A rare example of being held accountable for a Brady violation occurred last month in Texas, when a court ruled that former Williamson County District Attorney Ken Anderson will face criminal contempt and tampering charges for failing to turn over evidence pointing to the innocence of Michael Morton, who was later exonerated by DNA evidence after serving 25 years for his wife’s murder, despite a court order and legal obligation to do so.
Anderson faces relatively minor charges. But if it were up to Thompson, Anderson would be facing attempted murder charges. “What happens when we learn that a district attorney has killed an innocent man?” he asked me yesterday. “Isn’t it premeditated murder? What are we willing to accept” from our prosecutors?
Read the full article.
Watch our video about the Thompson case and the One for Ten video about the case.
Tags: Louisiana, Michael Morton, John Thompson
Conviction Integrity Unit to Review 50 Brooklyn Murder Cases
Posted: May 13, 2013 1:30 pm
The Brooklyn District Attorney’s Conviction Integrity Unit will reopen every murder case that resulted in a guilty verdict that was investigated by Louis Scarcella, a detective who handled some of Brooklyn’s most notorious crimes in the 1980s and 1990s, including the 1990 murder of a Rabbi for which David Ranta was exonerated earlier this year.
Scarcella’s tactics and the legitimacy of his convictions came under fire after The New York Times examined a dozen of his cases, and defense lawyers and advocacy organizations shared their own suspicions about his methods with the district attorney’s office. Among the cases examined was that of James Jenkins. The Times reports:
In the 1987 murder trial of James Jenkins, who was convicted, Judge Francis X. Egitto said that the witness identification procedures used by Mr. Scarcella were “a classic illustration of what not to do.” Witnesses were shown one photo rather than a gallery, the court records show. They were allowed to mingle together while making an identification of Mr. Jenkins, and Mr. Scarcella told them, “We have the guy who committed the murder.”
“That was wrong if I did that,” Mr. Scarcella said. “But I don’t remember.”
Interviews with lawyers, prosecutors, witnesses and suspects, as well as a review of legal documents, suggest Scarcella didn’t comply with the rules during his investigations.
Read the full article.
Tags: New York
Texas Considers Discovery Bill on 50th Anniversary of Supreme Court Decision
Posted: May 13, 2013 1:10 pm
Michael Morton speaks at the Innocence Project annual gala in New York City.
Update: The Texas House of Representatives approved the Michael Morton Act on May 13. Gov. Perry is expected to sign the bill into law. Read more about the bill’s passage.
Today marks the 50th anniversary of the U.S. Supreme Court decision in Brady v. Maryland, on May 13, 1963, which ruled that prosecutors must share any evidence favorable to the accused with the defense at trial. The Texas House of Representatives has selected this historic date to vote on a bill that would expand upon that ruling. SB 1611, the Michael Morton Act, could help standardize discovery procedures across the state and lead to greater transparency.
Supporters of the bill hope that it may also prevent wrongful convictions based on prosecutorial misconduct. Michael Morton spent 25 years in prison for murdering his wife and was later exonerated through DNA testing. The lead prosecutor in the case, Ken Anderson, has been criminally charged with concealing evidence of Morton’s innocence at his trial among other charges of misconduct. He is also being investigated by the State Bar of Texas.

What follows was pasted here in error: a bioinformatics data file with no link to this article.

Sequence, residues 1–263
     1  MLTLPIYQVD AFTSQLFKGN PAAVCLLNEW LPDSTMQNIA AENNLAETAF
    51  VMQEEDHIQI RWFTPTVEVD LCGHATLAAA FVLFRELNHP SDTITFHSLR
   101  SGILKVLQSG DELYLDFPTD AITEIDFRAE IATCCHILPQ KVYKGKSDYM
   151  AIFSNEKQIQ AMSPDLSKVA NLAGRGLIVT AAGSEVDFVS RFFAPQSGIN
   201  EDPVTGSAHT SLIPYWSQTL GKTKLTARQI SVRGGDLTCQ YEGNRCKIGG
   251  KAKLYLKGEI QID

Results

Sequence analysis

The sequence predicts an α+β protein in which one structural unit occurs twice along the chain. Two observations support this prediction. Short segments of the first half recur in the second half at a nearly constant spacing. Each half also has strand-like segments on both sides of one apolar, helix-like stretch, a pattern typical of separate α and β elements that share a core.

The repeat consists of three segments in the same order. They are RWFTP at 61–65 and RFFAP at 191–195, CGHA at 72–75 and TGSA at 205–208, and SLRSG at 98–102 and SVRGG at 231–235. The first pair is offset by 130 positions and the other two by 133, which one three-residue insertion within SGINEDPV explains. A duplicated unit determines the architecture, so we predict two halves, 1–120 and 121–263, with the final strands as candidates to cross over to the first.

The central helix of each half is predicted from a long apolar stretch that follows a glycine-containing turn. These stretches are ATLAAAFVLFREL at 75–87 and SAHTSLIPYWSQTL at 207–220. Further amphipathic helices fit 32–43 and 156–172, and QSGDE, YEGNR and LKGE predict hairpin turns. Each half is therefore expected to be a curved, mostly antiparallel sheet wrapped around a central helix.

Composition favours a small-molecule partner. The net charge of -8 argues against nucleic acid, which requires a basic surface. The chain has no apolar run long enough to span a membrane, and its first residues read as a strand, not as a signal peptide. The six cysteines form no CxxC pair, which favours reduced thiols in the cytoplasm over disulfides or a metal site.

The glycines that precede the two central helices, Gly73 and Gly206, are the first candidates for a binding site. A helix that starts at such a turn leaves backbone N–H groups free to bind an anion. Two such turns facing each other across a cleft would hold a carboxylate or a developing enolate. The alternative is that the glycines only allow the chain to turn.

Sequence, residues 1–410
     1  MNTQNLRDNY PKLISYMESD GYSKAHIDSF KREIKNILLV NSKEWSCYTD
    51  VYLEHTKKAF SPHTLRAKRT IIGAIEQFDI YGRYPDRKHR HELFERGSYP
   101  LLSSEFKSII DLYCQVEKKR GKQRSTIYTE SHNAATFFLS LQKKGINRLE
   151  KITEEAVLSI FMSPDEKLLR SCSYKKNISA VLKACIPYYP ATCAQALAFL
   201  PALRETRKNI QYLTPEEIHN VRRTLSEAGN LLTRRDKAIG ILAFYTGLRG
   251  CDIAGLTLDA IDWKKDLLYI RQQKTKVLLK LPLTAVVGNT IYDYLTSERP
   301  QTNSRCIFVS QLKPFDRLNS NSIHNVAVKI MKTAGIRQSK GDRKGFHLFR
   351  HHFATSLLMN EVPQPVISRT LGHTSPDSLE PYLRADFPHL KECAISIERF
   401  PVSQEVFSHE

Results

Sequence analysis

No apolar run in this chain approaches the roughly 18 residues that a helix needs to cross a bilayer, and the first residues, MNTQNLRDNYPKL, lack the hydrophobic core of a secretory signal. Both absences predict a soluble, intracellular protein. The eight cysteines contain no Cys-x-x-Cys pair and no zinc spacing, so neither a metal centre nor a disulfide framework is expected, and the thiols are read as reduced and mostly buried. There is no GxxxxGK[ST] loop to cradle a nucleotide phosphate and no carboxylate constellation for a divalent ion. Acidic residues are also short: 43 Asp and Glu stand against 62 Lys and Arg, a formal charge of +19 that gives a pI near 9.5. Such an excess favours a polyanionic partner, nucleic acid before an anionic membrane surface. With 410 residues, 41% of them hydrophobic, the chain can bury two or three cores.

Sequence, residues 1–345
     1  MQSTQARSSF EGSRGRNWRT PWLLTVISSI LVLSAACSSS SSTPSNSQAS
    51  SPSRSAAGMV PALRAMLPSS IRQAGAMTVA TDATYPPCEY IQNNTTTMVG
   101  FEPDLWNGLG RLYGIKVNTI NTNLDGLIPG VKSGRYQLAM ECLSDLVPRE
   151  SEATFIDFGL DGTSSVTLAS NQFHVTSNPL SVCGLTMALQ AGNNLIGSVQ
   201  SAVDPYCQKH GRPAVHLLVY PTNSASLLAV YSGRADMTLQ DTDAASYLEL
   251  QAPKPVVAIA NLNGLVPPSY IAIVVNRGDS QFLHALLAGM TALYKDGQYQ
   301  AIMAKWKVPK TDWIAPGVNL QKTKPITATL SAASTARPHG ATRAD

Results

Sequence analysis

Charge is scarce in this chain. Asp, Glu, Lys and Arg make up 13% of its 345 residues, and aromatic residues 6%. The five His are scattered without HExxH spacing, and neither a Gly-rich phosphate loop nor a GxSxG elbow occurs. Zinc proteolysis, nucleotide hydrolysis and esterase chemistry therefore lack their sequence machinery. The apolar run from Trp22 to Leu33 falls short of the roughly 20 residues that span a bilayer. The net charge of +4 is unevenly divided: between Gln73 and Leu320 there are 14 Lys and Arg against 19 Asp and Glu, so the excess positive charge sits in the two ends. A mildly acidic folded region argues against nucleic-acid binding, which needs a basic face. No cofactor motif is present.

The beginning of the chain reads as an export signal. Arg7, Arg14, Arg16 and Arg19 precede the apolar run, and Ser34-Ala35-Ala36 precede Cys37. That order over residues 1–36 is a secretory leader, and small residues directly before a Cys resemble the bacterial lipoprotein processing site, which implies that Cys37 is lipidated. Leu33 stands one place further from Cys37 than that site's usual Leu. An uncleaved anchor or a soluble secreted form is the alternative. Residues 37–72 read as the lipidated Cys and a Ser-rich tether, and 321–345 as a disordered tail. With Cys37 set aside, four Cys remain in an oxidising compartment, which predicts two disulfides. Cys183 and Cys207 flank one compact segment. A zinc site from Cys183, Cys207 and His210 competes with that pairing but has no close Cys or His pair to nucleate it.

State Senators Rodney Ellis and Robert Duncan co-sponsor the bill. Ellis is also the Chair of the Innocence Project Board of Directors. Innocence Project Co-Director Barry Scheck, who represented Morton, supports the legislation.
With the proposed legislation, lawmakers hope to reduce chances for prosecutors to overlook evidence of innocence. The law would require prosecutors to give defense lawyers access to evidence in the state’s file without regard to the information’s potential impact on the verdict.
“It telegraphs legislators’ intent that they want prosecutors to err on the side of disclosure,” Scheck said. “That’s how you take care of this problem.”
Read the full article.
Tags: Maryland, Texas, Michael Morton
New DNA Testing Reveals Florida Death Row Inmate’s Innocence
Posted: May 13, 2013 11:50 am
New DNA testing reveals the innocence of a man on Florida’s death row and points to a family member of the victims as the likely perpetrator. At a hearing that begins today in Sanford, the Innocence Project and lead counsel for Clemente Javier Aguirre-Jarquin will present compelling new evidence for overturning his conviction.
Aguirre was sentenced to death in 2006 for the murders of his neighbors, Cheryl Williams and Carol Bareis, a mother and daughter who were found stabbed to death in their trailer in Seminole County on June 17, 2004. An undocumented Honduran, Aguirre initially told the police that he didn’t know anything about the murders. Later the same day, however, he admitted that he had discovered their bodies at approximately six a.m. when he went to the house hoping to get some beer. He panicked and didn’t report the crime because he feared deportation.
At trial, the prosecution presented DNA evidence to show that the victim’s blood was on Aguirre’s clothes, shoes and the bloody knife. However, no testing was conducted on the more than 150 bloodstains that were photographed and swabbed from the crime scene.
In August 2011, Aguirre’s counsel at the Capital Collateral Regional Counsel – Middle Region, in consultation with the Innocence Project, sought DNA testing of some of the previously-untested evidence. Most matched the two victims, but there were eight bloodstains that matched to William’s daughter (and Bareis’ granddaughter) Samantha Williams who has a history of violence and mental illness.
According to the Orlando Sentinel, prosecutors oppose Aguirre’s attempt to overturn his conviction and in a prepared statement, State Attorney Phil Archer said, “These are extremely important questions that need to be fully explored in open court.”
Read the full article.
More in today’s press release.
First Mother’s Day Home
Posted: May 10, 2013 5:30 pm
Washington Gov. Inslee Signs Wrongful Conviction Compensation Law
Posted: May 10, 2013 3:30 pm